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101 Key Terms in Philosophy and Their Importance for Theology Paperback – July 1, 2004
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About the Author
Richard Lints isAndrew Mutch Distinguished Professor of Theology at Gordon-Conwell Theological Seminary in South Hamilton, Massachusetts.
James K. A. Smith is Professor of Philosophy at Calvin College in Grand Rapids, Michigan.
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Top Customer Reviews
This is a book of philosophy terms - specifically theological terms are not covered save insofar as they are direct cross-over terms to theology. There are entries for key philosophers (Descartes, Heidegger, Hume, etc.) and key philosophical topics (ethics, metaphysics, etc.), as well as philosophical schools. Natural theology is covered - this was a topic in philosophy; hermeneutics is a cross-over term that gets dealt with in different ways.
One might quibble with some of the choices here, but for 101 topics in 100 pages, there will necessarily be omissions -- being interested in hermeneutics and Paul Ricoeur, I was sorry to not see Ricoeur's name in the book, mentioned in the topic, or referenced in the back; similarly, having a major entry for Feuerbach but no entry for Kant might be something I would change. However, these are minor concerns that those with more philosophical education would express; from the standpoint of the student and new learner, these are not major problems by any means.Read more ›
Good section on apologetics. what is considered as “rational” is always conditioned by pre-rational beliefs and assumptions (7). Is this similar to Dooyeweerd’s “pre-theoretical thought?” They note elsewhere that “what goes under the name ‘reason’ depends on religious commitments” (28).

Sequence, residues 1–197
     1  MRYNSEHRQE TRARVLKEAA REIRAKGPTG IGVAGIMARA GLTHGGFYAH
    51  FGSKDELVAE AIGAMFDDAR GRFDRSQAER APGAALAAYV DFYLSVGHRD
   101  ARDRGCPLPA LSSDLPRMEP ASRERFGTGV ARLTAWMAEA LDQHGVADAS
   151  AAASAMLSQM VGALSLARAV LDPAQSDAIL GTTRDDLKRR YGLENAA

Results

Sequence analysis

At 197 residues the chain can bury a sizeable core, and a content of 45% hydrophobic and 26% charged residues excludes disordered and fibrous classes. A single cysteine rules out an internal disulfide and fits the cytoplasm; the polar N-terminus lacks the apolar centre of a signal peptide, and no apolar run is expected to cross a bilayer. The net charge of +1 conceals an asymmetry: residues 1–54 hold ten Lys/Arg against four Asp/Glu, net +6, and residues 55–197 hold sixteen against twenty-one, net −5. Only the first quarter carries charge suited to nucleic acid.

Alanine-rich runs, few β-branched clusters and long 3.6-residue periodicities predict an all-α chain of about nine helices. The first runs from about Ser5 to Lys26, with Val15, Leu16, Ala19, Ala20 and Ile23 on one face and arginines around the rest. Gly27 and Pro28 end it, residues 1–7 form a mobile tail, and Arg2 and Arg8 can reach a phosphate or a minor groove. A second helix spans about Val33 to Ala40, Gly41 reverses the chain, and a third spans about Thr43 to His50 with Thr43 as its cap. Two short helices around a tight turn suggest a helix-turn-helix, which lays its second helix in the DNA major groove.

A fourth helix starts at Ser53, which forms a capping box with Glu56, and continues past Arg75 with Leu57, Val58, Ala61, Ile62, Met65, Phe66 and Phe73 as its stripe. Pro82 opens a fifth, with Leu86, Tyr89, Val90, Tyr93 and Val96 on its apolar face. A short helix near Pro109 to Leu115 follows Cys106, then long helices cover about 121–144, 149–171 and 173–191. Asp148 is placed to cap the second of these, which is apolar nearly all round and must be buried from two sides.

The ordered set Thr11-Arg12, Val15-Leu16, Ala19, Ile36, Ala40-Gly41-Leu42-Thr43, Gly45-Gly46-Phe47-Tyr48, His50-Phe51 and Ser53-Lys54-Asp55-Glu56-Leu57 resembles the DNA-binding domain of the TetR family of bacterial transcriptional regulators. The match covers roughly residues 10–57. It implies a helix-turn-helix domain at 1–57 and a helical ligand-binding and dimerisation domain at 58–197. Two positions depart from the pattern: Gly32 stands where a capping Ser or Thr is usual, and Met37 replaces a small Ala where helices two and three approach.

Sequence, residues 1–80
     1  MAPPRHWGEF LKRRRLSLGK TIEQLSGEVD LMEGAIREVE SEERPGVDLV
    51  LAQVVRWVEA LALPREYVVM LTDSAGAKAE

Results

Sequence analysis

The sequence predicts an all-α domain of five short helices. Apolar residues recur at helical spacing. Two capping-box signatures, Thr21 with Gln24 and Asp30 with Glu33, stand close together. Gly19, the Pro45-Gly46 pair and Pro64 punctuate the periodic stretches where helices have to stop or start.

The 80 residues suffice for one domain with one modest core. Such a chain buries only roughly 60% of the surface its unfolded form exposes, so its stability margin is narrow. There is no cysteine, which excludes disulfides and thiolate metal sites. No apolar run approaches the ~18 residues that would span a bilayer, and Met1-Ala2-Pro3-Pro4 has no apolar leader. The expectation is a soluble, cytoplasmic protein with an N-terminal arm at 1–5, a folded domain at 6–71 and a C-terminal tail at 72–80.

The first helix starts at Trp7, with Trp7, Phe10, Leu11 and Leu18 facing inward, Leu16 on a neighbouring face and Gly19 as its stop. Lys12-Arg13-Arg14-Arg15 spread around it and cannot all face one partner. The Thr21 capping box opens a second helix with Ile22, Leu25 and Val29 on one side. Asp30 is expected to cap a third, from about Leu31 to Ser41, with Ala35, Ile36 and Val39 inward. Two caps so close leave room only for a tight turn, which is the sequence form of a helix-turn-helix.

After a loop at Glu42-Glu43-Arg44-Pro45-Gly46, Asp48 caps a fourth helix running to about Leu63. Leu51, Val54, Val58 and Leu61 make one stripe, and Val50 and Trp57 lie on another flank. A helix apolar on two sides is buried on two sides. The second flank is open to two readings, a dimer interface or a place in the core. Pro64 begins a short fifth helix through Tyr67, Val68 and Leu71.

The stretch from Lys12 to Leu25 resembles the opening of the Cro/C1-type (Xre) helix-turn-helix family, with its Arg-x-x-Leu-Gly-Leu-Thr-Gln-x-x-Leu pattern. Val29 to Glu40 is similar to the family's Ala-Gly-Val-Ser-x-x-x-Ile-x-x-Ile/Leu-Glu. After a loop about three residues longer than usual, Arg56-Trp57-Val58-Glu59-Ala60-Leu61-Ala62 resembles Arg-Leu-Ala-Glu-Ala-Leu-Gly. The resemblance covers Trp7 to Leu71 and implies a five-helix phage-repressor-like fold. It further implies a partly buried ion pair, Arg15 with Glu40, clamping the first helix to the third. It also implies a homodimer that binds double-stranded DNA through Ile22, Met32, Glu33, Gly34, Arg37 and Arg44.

Dualism/Monism: dualism is two kinds of things existing in the world. Monism one.
Epistemology: the standard question was phrased around justified true belief: a person p knows x if and only if p believes x and p belief in x is justified and p is true. Plantinga has replaced and bettered this model with “a belief is warranted if it is produced by our cognitive faculties working in accord with their design (20).
essence/essentialism: belief that objects have essences and that is their identity. An object’s essence is a collection of all the universal properties it possesses (20).
Free-will: usually defined as “the ability to do otherwise” (30).Read more ›
Most Recent Customer Reviews
a book that I had to purchase because not available in the library to use for class. Then we didn't use it for class. UGH!!!Published 20 months ago by Miss Erica
it's good for class. it helps out with term questions on quizzes. otherwise i don't really use it for other things.Published on February 21, 2013 by Evan S